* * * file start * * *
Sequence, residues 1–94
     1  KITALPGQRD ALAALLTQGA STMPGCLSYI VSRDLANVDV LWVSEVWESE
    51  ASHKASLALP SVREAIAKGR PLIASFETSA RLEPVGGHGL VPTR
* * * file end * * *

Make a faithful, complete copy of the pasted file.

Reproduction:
Sequence, residues 1–94
     1  KITALPGQRD ALAALLTQGA STMPGCLSYI VSRDLANVDV LWVSEVWESE
    51  ASHKASLALP SVREAIAKGR PLIASFETSA RLEPVGGHGL VPTR